|Eurasian Ruffe - USGS|
Eurasian ruffe (also known as ruffe or river ruffe), an eastern European species, has been found in western Lake Superior since 1986, and has been one of the most dominant fish in bottom trawls in channels within the Duluth-Superior Harbor. The U.S. Fish and Wildlife Service’s (USFWS) Ashland Fish and Wildlife Conservation Office monitored the expansion of ruffe populations and the species’ range across Lake Superior.
“To date, fishery management agencies have not witnessed any significant impact on native fish species like yellow perch and walleye in the areas where ruffe populations have become established and are quite abundant in our bottom-trawl surveys,” says Mark Brouder, Ashland Fish and Wildlife Conservation Office Field Supervisor.
A recent basin-wide survey by the University of Notre Dame, Central Michigan University, and The Nature Conservancy has found Eurasian ruffe DNA in water samples taken over the past year from Calumet Harbor in northeast Illinois. This sampling is designed to use an analytical technique to detect species by filtering the water and detecting DNA that organisms leave behind. In fish, the DNA may be in slime, urine, or fecal material. The initial conclusion from the Calumet Harbor water samples did not detect ruffe, but follow up analyses suggest that ruffe environmental DNA (or eDNA) may be present in a small portion of the samples.
“Calumet Harbor is a vibrant harbor with international and intra-lake shipping present,” said Kevin Irons, Aquatic Nuisance Species Program Manager for the Illinois DNR. “The detection of Eurasian ruffe DNA is not all that surprising, given that ruffe has been in the Great Lakes for decades. Illinois DNR monitors Calumet Harbor annually, and we have certainly been aware of ruffe in the basin. To date, we have not captured any ruffe, and in fact we don’t believe Eurasian ruffe are established anywhere in southern Lake Michigan”.
Environmental DNA surveillance has been used to heighten efforts regarding Asian carp detection; however, the relationship between eDNA and live fish presence has not been fully understood.
“Certainly, eDNA can come from swimming fish, but alternatively eDNA can be transported by birds, boat hulls, fishing nets, and other mechanisms,” said Kelly Baerwaldt, joint U.S. Army Corps of Engineers/USFWS eDNA Program Manager. “Because Lake Calumet is such a busy port, lake freighters from infested regions could simply discharge water and enable detections. Although 85% of eDNA breaks down in the environment quickly, within a few days, the remaining small portion can remain detectable for up to a month.”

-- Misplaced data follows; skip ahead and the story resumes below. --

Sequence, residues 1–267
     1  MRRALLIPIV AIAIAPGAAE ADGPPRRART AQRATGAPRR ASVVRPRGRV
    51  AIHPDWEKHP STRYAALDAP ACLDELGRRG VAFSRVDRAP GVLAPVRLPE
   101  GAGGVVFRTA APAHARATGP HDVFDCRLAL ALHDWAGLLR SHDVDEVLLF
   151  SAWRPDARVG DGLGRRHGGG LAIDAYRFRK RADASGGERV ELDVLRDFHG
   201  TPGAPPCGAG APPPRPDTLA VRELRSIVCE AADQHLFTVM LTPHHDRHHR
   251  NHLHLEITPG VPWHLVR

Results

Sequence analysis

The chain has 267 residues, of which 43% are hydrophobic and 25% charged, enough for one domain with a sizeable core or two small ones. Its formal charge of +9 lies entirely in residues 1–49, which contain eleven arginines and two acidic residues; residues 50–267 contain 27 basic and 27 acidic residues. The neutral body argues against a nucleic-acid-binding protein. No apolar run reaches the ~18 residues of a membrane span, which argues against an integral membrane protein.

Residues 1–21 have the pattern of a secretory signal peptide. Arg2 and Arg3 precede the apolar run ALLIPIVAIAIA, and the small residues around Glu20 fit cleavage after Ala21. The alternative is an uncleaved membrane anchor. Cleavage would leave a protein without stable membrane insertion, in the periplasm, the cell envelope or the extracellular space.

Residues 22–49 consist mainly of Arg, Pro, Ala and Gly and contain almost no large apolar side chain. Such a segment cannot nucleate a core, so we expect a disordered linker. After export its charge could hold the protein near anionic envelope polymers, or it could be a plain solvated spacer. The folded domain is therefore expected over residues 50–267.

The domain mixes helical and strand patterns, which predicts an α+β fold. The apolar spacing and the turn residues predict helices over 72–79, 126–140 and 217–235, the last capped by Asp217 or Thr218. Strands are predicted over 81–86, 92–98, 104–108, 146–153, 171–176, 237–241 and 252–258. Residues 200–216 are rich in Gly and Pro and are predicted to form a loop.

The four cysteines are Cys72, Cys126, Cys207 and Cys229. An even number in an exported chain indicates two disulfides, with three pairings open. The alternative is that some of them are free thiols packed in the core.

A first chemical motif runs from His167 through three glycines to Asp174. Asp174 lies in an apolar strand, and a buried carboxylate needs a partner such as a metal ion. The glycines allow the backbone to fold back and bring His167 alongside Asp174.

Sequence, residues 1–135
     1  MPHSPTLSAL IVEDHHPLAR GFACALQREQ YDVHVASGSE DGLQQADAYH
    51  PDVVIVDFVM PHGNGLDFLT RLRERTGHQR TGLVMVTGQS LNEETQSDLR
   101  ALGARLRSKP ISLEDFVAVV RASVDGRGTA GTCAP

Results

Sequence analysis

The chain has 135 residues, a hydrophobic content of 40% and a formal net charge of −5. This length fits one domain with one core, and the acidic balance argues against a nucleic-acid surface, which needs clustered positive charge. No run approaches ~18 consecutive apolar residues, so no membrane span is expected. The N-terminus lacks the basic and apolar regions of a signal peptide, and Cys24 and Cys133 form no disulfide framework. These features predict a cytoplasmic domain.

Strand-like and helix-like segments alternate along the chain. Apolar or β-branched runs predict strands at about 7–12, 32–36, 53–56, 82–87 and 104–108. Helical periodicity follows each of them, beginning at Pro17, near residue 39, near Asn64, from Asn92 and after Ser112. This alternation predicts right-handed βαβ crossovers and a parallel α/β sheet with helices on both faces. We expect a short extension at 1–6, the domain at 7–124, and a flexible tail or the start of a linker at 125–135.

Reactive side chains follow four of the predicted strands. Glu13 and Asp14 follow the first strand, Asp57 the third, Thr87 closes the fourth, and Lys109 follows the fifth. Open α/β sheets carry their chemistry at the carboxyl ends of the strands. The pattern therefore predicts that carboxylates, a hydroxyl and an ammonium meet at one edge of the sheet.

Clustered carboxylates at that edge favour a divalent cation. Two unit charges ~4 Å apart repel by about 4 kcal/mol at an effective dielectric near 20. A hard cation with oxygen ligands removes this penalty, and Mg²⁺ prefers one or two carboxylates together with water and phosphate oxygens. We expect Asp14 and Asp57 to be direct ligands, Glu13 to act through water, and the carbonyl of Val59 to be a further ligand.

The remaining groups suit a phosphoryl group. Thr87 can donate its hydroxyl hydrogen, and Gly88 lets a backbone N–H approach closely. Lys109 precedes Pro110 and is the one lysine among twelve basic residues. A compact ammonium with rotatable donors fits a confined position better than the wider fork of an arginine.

The Illinois DNR will continue to work with USFWS biologists who monitor the Great Lakes to continue sampling in the Calumet Harbor area to heighten sampling efforts for fish across the Great Lakes to look for Aquatic Nuisance Species. Illinois DNR monitors Calumet Harbor throughout the summer with electrofishing. The Illinois Natural History Survey monitors near-shore waters of Lake Michigan with micro-mesh gillnets, noted as a preferred gear for catching ruffe. To date, Illinois officials report NO Eurasian ruffe have been seen or reported from Illinois waters.
“The Illinois DNR urges anglers to report fish that may be ruffe, as they may be taken while fishing for yellow perch or other fish in the Calumet Harbor area, or anywhere in waters surrounding Chicago,” IDNR’s Kevin Irons said. “A clear cell phone picture of the fish from several angles can help in identification, or you may simply put fish in a ziplock/plastic bag and freeze it. This species is listed as injurious, so these fish cannot be transported alive in Illinois. If found, please note specifically where the fish was caught and include time and date information.”
To stop the movement of all aquatic nuisance species, sportsmen and women are reminded to ‘Stop Aquatic Hitchhikers’ and ‘Be a Hero – Transport Zero’ by following three simple steps: 1) Remove plants animals and mud from equipment; 2) Drain all water from your boat and gear; and 3) Dry everything thoroughly with a towel.
To find out more about the Eurasian ruffe, check the USGS Non-indigenous Aquatic Species website at
Be A Hero – Transport Zero campaign video can be found at http://www.youtube.com/watch?feature=player_embedded&v=z83g72eZ1RM.
To report Eurasian ruffe locations or other Aquatic Nuisance Species, please call the Illinois ANS Program office at 217-785-8772.